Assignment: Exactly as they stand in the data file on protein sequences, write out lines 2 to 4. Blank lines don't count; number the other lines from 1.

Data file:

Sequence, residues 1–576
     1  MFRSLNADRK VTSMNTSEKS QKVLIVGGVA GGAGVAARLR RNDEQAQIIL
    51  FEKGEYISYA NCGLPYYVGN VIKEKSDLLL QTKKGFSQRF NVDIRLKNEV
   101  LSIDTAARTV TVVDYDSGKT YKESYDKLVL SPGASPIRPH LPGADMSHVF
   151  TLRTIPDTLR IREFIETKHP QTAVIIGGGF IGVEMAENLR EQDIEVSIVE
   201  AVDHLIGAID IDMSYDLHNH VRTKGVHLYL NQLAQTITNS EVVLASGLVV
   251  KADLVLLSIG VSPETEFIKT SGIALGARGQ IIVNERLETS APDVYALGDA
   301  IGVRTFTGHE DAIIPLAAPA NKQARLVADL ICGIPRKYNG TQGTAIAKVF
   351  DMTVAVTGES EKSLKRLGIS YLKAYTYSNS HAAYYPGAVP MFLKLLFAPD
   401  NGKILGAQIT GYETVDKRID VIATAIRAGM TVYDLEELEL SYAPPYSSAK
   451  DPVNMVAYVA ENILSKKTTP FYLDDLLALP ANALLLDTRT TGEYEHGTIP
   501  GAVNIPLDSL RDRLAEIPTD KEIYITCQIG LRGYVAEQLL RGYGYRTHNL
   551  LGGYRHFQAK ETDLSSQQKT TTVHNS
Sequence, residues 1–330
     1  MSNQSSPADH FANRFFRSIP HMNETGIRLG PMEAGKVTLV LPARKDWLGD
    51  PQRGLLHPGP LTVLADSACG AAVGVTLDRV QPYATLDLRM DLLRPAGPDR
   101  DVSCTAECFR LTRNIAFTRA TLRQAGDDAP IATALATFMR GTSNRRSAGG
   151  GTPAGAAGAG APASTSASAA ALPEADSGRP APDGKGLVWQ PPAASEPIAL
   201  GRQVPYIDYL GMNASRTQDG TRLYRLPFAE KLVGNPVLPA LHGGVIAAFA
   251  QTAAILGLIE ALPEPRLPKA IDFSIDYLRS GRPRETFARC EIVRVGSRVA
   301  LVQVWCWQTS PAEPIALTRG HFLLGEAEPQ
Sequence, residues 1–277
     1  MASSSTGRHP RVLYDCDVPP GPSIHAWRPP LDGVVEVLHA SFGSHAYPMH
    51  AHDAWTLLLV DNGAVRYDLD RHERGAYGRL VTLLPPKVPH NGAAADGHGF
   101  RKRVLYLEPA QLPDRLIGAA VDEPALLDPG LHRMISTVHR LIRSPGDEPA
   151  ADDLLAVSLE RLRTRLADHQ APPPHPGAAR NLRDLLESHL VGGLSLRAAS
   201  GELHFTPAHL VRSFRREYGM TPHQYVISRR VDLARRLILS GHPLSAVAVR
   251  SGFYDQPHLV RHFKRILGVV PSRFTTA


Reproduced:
     1  MFRSLNADRK VTSMNTSEKS QKVLIVGGVA GGAGVAARLR RNDEQAQIIL
    51  FEKGEYISYA NCGLPYYVGN VIKEKSDLLL QTKKGFSQRF NVDIRLKNEV
   101  LSIDTAARTV TVVDYDSGKT YKESYDKLVL SPGASPIRPH LPGADMSHVF